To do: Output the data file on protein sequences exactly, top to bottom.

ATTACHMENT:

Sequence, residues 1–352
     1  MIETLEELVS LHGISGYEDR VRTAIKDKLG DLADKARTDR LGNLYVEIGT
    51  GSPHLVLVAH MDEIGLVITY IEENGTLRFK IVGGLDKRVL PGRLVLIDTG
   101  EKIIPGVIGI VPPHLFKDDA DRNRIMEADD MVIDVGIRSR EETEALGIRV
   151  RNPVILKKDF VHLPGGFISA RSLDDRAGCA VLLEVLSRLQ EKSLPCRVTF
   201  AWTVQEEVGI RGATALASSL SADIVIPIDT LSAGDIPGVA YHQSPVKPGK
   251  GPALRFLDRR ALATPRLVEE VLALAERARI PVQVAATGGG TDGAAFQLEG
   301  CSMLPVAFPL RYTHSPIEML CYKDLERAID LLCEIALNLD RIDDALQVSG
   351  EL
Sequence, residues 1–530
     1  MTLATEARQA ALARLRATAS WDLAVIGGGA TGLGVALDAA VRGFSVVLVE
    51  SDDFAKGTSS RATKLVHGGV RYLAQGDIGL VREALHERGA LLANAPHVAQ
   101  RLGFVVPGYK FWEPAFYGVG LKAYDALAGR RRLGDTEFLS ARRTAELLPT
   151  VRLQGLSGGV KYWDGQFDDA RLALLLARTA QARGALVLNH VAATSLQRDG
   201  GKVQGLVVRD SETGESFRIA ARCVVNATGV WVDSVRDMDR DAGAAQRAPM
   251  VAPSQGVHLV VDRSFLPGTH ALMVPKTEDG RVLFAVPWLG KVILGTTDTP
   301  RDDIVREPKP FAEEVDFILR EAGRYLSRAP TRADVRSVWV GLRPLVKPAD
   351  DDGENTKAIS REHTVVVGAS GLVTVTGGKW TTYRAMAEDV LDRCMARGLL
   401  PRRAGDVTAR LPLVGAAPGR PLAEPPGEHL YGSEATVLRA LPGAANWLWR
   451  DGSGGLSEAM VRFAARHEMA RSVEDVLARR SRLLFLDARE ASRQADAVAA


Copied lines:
Sequence, residues 1–352
     1  MIETLEELVS LHGISGYEDR VRTAIKDKLG DLADKARTDR LGNLYVEIGT
    51  GSPHLVLVAH MDEIGLVITY IEENGTLRFK IVGGLDKRVL PGRLVLIDTG
   101  EKIIPGVIGI VPPHLFKDDA DRNRIMEADD MVIDVGIRSR EETEALGIRV
   151  RNPVILKKDF VHLPGGFISA RSLDDRAGCA VLLEVLSRLQ EKSLPCRVTF
   201  AWTVQEEVGI RGATALASSL SADIVIPIDT LSAGDIPGVA YHQSPVKPGK
   251  GPALRFLDRR ALATPRLVEE VLALAERARI PVQVAATGGG TDGAAFQLEG
   301  CSMLPVAFPL RYTHSPIEML CYKDLERAID LLCEIALNLD RIDDALQVSG
   351  EL
Sequence, residues 1–530
     1  MTLATEARQA ALARLRATAS WDLAVIGGGA TGLGVALDAA VRGFSVVLVE
    51  SDDFAKGTSS RATKLVHGGV RYLAQGDIGL VREALHERGA LLANAPHVAQ
   101  RLGFVVPGYK FWEPAFYGVG LKAYDALAGR RRLGDTEFLS ARRTAELLPT
   151  VRLQGLSGGV KYWDGQFDDA RLALLLARTA QARGALVLNH VAATSLQRDG
   201  GKVQGLVVRD SETGESFRIA ARCVVNATGV WVDSVRDMDR DAGAAQRAPM
   251  VAPSQGVHLV VDRSFLPGTH ALMVPKTEDG RVLFAVPWLG KVILGTTDTP
   301  RDDIVREPKP FAEEVDFILR EAGRYLSRAP TRADVRSVWV GLRPLVKPAD
   351  DDGENTKAIS REHTVVVGAS GLVTVTGGKW TTYRAMAEDV LDRCMARGLL
   401  PRRAGDVTAR LPLVGAAPGR PLAEPPGEHL YGSEATVLRA LPGAANWLWR
   451  DGSGGLSEAM VRFAARHEMA RSVEDVLARR SRLLFLDARE ASRQADAVAA